Using Other Influences for Planning
There are many useful models and ideas for helping us in our test planning, and we shouldn’t throw them away. As Tim Ottinger and Jeff Langr have said (Ottinger and Langr, 2009b), a mnemonic for thinking about what are called nonfunctional requirements is still useful. The FURPS model (see Figure 8-5) was developed at Hewlett-Packard and was first publicly elaborated by Grady and Caswell (Wikipedia, 2014f); it is now widely used in the software industry. The + was later added to the model after various campaigns at HP to extend the acronym to emphasize various attributes.
Figure 8-5 FURPS+ flash card (Ottinger and Langr, 2011)
James Whittaker developed a methodology he calls the Attribute Component Capability (ACC) matrix (Whittaker, 2011) to help define what to test based on risk. ACC consists of three different parts that define the system under test: Attributes, Components, and Capabilities. He defines these as:
- Attributes (adjectives of the system) are qualities and characteristics that promote the product and distinguish it from the competition; examples are “Fast,” “Secure,” “Stable,” and “Elegant.”
- Components (nouns of the system) are building blocks that together constitute the system in question. Some examples of Components are “Firmware,” “Printing,” and “File System” for an operating system project, or “Database,” “Cart,” and “Product Browser” for an online shopping site.
- Capabilities (verbs of the system) describe the abilities of a particular Component to satisfy the Attributes of the system. An example Capability for a shopping site could be “Processes monetary transactions using HTTPS.” You can see that this could be a Capability of the “Cart” component when trying to meet the “Secure” Attribute. The most important aspect of Capabilities is that they are testable.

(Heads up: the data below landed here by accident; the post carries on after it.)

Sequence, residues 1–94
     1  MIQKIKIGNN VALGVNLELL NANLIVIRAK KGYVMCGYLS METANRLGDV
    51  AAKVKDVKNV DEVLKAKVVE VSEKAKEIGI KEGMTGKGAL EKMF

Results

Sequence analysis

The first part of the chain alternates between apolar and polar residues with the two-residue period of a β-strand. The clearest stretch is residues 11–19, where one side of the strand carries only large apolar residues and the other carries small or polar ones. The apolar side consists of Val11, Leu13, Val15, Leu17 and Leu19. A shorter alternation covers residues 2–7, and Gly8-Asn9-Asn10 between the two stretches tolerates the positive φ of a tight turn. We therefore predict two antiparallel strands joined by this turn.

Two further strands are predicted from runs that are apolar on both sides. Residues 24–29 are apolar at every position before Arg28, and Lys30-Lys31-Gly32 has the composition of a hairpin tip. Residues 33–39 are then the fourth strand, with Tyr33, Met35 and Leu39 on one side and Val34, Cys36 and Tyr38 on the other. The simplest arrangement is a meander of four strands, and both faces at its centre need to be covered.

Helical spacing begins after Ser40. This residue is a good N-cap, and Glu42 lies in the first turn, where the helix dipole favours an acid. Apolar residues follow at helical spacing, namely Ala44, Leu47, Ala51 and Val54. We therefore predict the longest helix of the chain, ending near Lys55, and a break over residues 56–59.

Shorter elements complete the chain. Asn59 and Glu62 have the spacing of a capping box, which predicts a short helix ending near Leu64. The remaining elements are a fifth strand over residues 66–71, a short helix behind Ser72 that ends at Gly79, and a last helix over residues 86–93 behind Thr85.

Creating a high-level matrix using this model can be a simple way to visualize your system. Figure 8-6 shows an example of what such a matrix might look like. Gojko Adzic agrees that exposing system characteristics and providing more visibility is definitely a good idea (Adzic, 2010a), though he cautions that while we can learn from other fields, we should be careful about using them as a metaphor for software development.
Figure 8-6 ACC example
Use heuristics such as Elisabeth Hendrickson’s “Test Heuristics Cheat Sheet” (Hendrickson, 2011) or tried-and-true techniques such as state diagrams or truth tables to think of new ideas for attributes. Combine these ideas with models like the Quadrants so that the conversations about the system constraints or usability can extract clear examples. Using all the tools in your toolbox can only help increase the quality of the product.